PROMO 64J1 People - Jared Polis Colorado Governor Politician

Gov. Polis' budget proposal for next fiscal year increases spending, includes $1.3 billion stimulus package

Jared Polis - elected Governor of Colorado in November 2018.
Robert Davis

(The Center Square) – Colorado Governor Jared Polis’ budget proposal for the next fiscal year includes a one-time $1.3 billion stimulus package, a plan he said is “designed from the ground up” to help the state quickly recover from the COVID-19 pandemic.

The stimulus would direct payments of $375 to over 435,000 Coloradans who’ve experienced job loss because of the pandemic. It would also invest $220 million in public works and infrastructure projects, $160 million in expanding access to broadband internet to rural Coloradans, and $105 million to small businesses.

In all, the proposal would increase the state's total budget to $35.4 billion, up $3 billion from 2020, and bring the general fund up to $13 billion, an increase of 20%. Agencies would also see their budgets increase 7.3%.

Polis said the additional spending will combat forecasts by state economists showing budgetary deficits caused by COVID-19-related business closuresstay-at-home orders, and travel restrictions.

The additional funds will also go toward restoring cuts made to balance the 2020 budget, providing an economic stimulus, and increasing state reserves. However, he tied its success to dropping the state’s increasing COVID-19 case total.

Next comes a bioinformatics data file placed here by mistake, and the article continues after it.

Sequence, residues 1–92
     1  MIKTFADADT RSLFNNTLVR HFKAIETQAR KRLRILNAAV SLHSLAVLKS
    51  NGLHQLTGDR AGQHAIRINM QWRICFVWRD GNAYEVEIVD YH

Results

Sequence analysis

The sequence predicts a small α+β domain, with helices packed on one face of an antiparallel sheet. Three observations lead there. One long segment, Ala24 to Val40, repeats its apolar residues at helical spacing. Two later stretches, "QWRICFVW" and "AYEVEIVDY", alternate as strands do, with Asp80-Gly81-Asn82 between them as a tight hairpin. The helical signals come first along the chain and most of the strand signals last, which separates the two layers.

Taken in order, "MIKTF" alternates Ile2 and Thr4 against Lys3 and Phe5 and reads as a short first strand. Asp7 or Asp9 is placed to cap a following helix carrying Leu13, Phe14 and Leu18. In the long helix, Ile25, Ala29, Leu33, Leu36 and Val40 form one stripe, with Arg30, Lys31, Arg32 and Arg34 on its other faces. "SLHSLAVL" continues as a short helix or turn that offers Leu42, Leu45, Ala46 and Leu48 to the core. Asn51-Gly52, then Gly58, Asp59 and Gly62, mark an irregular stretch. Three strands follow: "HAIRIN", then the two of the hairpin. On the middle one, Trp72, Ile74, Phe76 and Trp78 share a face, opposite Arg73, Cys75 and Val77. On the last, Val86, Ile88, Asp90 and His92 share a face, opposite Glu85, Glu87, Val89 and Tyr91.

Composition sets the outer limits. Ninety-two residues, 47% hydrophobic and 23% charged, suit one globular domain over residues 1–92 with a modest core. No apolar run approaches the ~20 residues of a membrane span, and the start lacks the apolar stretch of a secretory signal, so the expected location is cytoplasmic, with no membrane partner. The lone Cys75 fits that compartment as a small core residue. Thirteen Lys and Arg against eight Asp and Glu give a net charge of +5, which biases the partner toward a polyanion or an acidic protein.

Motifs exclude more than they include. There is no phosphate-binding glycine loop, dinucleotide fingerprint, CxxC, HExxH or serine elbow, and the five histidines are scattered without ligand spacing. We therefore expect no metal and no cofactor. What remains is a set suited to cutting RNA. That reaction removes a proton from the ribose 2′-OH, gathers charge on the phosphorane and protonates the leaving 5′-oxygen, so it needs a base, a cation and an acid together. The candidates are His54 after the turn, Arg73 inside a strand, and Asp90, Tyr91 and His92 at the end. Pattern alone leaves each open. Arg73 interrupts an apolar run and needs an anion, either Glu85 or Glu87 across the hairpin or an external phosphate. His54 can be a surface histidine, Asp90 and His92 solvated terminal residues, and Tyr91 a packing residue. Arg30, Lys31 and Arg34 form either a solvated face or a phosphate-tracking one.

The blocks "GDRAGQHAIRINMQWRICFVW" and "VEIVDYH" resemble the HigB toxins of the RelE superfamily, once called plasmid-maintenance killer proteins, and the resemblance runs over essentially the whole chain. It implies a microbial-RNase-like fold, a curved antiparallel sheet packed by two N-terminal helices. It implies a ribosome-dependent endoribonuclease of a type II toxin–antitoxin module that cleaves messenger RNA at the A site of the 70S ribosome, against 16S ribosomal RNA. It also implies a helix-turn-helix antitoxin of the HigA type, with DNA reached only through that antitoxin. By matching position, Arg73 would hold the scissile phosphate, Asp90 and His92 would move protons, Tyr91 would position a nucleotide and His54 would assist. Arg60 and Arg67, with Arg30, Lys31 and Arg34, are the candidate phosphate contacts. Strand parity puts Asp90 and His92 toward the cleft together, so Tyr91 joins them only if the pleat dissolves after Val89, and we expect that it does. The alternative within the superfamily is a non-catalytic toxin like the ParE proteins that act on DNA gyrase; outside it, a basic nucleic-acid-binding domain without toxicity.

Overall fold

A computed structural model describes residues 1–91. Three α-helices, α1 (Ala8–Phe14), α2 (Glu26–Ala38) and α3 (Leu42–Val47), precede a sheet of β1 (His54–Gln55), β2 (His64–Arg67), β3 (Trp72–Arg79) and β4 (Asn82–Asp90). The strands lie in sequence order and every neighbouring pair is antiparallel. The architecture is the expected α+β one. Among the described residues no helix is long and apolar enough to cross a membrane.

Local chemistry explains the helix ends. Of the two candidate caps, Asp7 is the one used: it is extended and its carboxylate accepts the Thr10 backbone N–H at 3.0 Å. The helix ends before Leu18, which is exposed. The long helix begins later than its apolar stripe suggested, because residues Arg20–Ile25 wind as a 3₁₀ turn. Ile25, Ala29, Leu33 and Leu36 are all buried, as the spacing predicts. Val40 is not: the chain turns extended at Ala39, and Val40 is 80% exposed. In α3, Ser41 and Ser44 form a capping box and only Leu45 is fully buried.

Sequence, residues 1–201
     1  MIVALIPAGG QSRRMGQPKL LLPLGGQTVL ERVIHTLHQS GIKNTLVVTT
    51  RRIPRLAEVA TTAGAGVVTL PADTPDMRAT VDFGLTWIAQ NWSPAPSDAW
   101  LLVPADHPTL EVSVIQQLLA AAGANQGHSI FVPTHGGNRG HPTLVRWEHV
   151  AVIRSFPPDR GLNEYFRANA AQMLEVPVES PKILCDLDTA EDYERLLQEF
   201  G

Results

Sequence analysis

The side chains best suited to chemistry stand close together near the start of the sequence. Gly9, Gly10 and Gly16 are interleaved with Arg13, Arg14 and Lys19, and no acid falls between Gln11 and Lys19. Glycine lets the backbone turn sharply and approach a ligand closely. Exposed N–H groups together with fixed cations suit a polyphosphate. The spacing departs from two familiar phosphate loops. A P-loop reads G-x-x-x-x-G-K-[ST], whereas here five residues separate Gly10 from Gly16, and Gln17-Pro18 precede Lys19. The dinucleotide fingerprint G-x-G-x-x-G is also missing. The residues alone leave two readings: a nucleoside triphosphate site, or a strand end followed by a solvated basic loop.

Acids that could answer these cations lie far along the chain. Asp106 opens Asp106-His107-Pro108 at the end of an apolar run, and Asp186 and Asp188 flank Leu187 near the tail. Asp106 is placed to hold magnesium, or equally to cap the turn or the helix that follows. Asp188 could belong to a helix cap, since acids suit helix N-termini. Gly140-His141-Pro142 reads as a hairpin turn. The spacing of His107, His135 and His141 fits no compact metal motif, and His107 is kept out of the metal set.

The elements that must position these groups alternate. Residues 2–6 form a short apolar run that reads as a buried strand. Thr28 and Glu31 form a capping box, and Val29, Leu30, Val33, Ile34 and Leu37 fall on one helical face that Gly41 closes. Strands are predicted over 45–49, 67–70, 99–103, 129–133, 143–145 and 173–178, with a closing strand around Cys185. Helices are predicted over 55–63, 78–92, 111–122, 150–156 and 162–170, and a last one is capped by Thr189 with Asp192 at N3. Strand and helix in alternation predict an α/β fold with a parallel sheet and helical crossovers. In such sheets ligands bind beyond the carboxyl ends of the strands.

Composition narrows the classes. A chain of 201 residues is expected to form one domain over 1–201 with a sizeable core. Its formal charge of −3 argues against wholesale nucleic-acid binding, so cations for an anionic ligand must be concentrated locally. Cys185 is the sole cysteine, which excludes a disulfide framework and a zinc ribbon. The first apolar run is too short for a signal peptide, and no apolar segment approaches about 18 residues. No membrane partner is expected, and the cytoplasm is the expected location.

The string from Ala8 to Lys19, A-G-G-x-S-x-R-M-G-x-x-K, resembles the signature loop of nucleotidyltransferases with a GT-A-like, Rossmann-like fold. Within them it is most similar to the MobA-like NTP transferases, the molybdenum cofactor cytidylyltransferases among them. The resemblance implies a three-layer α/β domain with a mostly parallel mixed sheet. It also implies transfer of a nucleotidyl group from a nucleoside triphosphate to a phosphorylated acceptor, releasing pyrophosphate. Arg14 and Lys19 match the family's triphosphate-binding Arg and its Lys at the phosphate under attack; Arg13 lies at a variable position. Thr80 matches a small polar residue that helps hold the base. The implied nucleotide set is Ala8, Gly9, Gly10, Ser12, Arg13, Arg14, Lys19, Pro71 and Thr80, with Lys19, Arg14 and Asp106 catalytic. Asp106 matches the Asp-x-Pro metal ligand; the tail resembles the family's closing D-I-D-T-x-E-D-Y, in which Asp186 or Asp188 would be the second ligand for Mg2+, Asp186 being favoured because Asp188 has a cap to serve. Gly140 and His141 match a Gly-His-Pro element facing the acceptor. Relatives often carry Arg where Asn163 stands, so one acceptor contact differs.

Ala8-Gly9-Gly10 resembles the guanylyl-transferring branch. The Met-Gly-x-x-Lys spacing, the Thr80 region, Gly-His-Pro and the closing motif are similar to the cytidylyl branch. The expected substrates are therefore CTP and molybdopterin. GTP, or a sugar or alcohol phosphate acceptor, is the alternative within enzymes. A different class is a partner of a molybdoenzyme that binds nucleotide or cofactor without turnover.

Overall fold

To combat future COVID-19 cases, Polis’ proposal would spend $577 million on acquiring mass testing supplies and personal protective equipment. He lamented this spending as the result of a “failure of leadership in Washington, D.C.”

“Colorado’s economic strength depends on our strength in containing the pandemic and preventing additional loss of life, including economic damage because of consumer behavior or deterring tourism,” he said.

In the past three days, Colorado has added over 10,000 new cases of COVID-19. This is adding additional stress to the state’s hospital system, which recent reports indicate could see record hospitalizations by November 10.

These trends caused Polis to institute a statewide economic shutdown in March when he signed his stay-at-home order. By the time it was lifted a month later, the state was projected to lose over $3 billion in revenue.

In response, lawmakers cut over $1.3 billion from the state’s higher education budget and over $587,000 from K-12 funding before passing the 2020 budget. $123 million was also slashed from transportation.

State spending following the shutdown decimated its reserve fund. State law required the General Assembly to save 7.25% of the general fund in 2020, a total of $819 million. That rate is already set to increase to 8% in 2021. Polis’ proposal would bump it up to 10%.

The proposal also identified a savings package of over $420 million in savings by cutting underutilized programs, shifting funding of some programs from state to federal funds, and utilizing economies of scale.

“Investment in a strong and robust recovery, coupled with strong reserves is the best way to ease budget pressure in future years,” Polis said.